The Giants have built their post-season hopes in 2010 largely on their starting pitching. To make it happen, the Giants need Lincecum and Cain to stay healthy, Zito to have his best year as a Giant, Jonathan Sanchez to prove that last year’s no-hitter was a sign of things to come, and Todd Wellemeyer (or Kevin Pucetas, Madison Bumgarner or someone else) to pitch well enough every fifth game to give the Giants at least a chance to win.
Jonathan Sanchez did his part today, flummoxing the Pirates for eight shut-out innings. He was effectively wild, allowing three hits and three walks and striking out 11. Sanchez will give up his share of walks, but if can keep the hits down and the Ks up, he could have a big year.
I’m sure some of you are thinking, well, it’s only the Pirates he beat. The thing is, you don’t get any more credit in the standings for beating the Phillies or Yankees than you do for beating the Pirates or the Royals. Good teams need to beat up on the bad teams. If you play .500 ball against the other good teams and beat the bejeezus out of the bad teams, at the end of the season, you’re going to be right there.
One of the great things about blogging is that almost as soon as I write something, I’m proven wrong (sort of). A couple of days ago I wrote that Eli Whiteside was not a major league hitter. Today, he was the Giants’ big hitter, hitting a double and a homerun and driving in three.
Any player who has made the major leagues can have a big game. My favorite example is Cesar Gutierrez, who I mentioned in this post last year. That’s why they keep season statistics, so the rest of us can determine which players contributed more regularly than others. Still, it’s good to see Eli have a big game, because I still think he won’t have too many of them.
I noticed that Nelson Cruz hit his sixth homerun of the young season today, and is now hitting .414 (12 for 29) with a 1.658 OPS. I have a soft spot in my heart for Nelson as one of those rare stars who didn’t establish himself as a major league hitter until age 27 or older. It’s hard not to root for the Geronimo Berroas, Matt Stairs and Jack Custs of baseball because they got overlooked for so long until somebody (usually the A’s) decided they had something significant to offer.
I wrote this post about Nelson Cruz right around this time last year, which received more hits than any other post in the history of this blog. I have no idea why, except the obvious answer that a lot of people were interested in learning more about Nelson Cruz that day.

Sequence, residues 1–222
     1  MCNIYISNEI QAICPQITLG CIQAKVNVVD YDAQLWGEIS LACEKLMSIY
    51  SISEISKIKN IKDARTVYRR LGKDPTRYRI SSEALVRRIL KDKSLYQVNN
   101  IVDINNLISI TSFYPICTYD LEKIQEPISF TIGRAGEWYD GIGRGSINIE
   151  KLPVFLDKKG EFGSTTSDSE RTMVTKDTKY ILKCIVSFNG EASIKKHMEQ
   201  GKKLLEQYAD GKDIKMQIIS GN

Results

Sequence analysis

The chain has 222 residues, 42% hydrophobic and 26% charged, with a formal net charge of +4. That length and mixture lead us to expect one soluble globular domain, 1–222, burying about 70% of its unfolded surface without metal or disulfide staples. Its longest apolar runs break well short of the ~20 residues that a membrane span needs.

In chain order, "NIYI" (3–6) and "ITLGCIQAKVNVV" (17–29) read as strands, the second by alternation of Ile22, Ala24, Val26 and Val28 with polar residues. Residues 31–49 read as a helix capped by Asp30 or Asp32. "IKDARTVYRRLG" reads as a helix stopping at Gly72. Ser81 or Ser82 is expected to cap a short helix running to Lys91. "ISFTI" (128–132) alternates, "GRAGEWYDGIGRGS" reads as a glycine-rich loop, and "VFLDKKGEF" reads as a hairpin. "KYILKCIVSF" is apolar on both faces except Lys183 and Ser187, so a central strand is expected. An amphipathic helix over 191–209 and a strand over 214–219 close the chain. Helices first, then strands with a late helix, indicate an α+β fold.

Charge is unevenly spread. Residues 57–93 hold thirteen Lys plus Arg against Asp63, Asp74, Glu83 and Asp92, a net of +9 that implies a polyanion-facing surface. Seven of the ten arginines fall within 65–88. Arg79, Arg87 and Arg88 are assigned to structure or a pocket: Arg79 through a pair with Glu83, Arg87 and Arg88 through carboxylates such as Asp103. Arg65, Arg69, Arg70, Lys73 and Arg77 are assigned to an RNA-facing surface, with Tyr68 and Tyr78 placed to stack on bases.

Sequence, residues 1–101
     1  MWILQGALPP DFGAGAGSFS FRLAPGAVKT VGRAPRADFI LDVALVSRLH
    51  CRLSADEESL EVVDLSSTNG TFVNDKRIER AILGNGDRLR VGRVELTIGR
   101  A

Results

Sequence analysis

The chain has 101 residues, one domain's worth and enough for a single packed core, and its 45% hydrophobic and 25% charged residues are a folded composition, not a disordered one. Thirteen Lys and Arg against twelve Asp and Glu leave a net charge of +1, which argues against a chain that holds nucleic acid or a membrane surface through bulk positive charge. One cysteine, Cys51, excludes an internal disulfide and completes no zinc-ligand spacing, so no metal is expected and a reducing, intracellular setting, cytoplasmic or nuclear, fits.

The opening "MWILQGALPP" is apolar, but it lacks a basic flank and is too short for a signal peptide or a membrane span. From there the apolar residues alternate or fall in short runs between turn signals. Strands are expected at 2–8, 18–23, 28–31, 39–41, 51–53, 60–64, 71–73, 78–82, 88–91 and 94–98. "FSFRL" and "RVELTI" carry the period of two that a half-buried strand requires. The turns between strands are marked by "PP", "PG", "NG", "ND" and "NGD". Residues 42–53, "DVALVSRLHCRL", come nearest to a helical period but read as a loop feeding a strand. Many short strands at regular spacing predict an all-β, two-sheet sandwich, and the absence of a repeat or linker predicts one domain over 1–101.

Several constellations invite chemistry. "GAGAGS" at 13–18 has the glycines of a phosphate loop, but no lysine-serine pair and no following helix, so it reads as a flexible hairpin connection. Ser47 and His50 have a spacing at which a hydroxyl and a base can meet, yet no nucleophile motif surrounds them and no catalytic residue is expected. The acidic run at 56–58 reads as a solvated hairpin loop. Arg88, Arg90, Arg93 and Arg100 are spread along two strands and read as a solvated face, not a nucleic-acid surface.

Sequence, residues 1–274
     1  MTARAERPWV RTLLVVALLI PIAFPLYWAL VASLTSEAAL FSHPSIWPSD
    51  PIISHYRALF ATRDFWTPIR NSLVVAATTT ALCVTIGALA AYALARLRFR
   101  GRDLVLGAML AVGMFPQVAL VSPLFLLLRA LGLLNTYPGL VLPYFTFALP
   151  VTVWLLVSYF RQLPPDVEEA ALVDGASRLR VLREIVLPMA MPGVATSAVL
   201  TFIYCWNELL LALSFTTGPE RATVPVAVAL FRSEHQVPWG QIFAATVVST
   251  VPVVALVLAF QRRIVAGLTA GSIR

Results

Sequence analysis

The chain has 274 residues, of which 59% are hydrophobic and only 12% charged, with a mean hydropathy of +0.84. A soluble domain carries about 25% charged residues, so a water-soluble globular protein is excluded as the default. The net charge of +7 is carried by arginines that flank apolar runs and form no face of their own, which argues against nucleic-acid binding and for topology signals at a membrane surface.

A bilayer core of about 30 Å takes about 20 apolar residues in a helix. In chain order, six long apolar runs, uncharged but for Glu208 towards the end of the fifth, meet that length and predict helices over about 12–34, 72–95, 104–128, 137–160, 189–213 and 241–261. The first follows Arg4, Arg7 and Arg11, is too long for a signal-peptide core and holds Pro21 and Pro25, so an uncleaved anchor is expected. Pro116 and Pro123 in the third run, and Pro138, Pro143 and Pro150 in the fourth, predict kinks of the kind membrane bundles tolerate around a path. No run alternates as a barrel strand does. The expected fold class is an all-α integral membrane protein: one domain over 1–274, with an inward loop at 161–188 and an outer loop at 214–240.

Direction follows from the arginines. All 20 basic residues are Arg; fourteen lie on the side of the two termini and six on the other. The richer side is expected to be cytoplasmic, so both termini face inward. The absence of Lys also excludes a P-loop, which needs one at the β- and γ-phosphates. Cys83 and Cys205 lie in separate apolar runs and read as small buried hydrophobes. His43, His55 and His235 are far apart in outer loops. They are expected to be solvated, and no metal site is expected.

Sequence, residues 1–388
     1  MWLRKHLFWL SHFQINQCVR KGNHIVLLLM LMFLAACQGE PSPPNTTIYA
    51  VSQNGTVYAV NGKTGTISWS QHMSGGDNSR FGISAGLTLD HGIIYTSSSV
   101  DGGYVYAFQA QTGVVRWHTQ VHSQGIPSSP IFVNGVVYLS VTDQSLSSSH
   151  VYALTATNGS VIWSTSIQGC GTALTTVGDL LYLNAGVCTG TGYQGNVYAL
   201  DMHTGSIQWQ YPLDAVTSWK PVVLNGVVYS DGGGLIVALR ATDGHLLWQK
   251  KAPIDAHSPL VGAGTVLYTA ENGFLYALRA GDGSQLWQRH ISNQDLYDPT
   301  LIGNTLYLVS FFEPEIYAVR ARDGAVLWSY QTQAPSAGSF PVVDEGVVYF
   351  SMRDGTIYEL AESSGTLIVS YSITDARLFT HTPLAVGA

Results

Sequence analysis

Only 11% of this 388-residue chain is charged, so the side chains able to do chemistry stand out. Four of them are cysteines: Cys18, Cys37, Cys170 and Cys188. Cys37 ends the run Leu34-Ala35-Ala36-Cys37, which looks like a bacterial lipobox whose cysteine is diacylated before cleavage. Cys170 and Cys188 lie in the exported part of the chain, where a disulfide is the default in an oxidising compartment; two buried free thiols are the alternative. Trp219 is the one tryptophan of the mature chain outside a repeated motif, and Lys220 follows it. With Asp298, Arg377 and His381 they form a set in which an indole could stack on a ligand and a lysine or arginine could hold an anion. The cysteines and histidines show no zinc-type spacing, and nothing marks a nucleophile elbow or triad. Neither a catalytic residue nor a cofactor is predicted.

One thing we can be fairly sure of: so far in his major league career, Cruz has been an April hitter.
Ron Mahay’s career lives on. I noticed that the Twins just called up the soon-to-be (on June 28) 39 year old lefty. Mahay pitched well for the Twins in 16 late season relief appearances as — what else — a left-handed short man, but he didn’t make the team out of Spring Training.
Of more interest to me was the player the Twins sent down, 22 year old right-hander Alex Burnett. Because of my friend Chris who is a huge Twins, I follow the Twins pretty closely, but like Waldis Joaquin of the Giants last year, Burnett totally snuck up on me.
He was a 12th round pick of the Twins in 2005. However, he was only 17 when his professional career started, so he may have been one of those later round high school picks where the player is expected to go to college but is then lured into signing by an above-slot signing bonus.
Burnett was a starter in the lower minors, and a fairly good one, although certainly not dominating. The Twins moved him into relief in 2009, and he had a tremendous season at A+ and AA ball, mostly the latter. He finished the season with a 1.85 ERA in 78 innings pitched. It’s hard to find fault in that.
He was a surprise to make the Twins out of Spring Training, and I kind of hate to see him sent down, because he had successfully pitched 2.1 shutout innings at the major league level before the demotion. Obviously, the Twins felt they needed another left-hander in their bullpen, but you’d almost rather wait for him to get hammered once before you send the kid down.
Who knows? Baseball is littered with young pitchers like Burnett who shine during a major league cup of coffee, are sent down for seasoning, but then blow out their arms and are never heard from again. I sure hope that isn’t the case with Burnett, but I’ve been around long enough to know it’s a distinct possibility.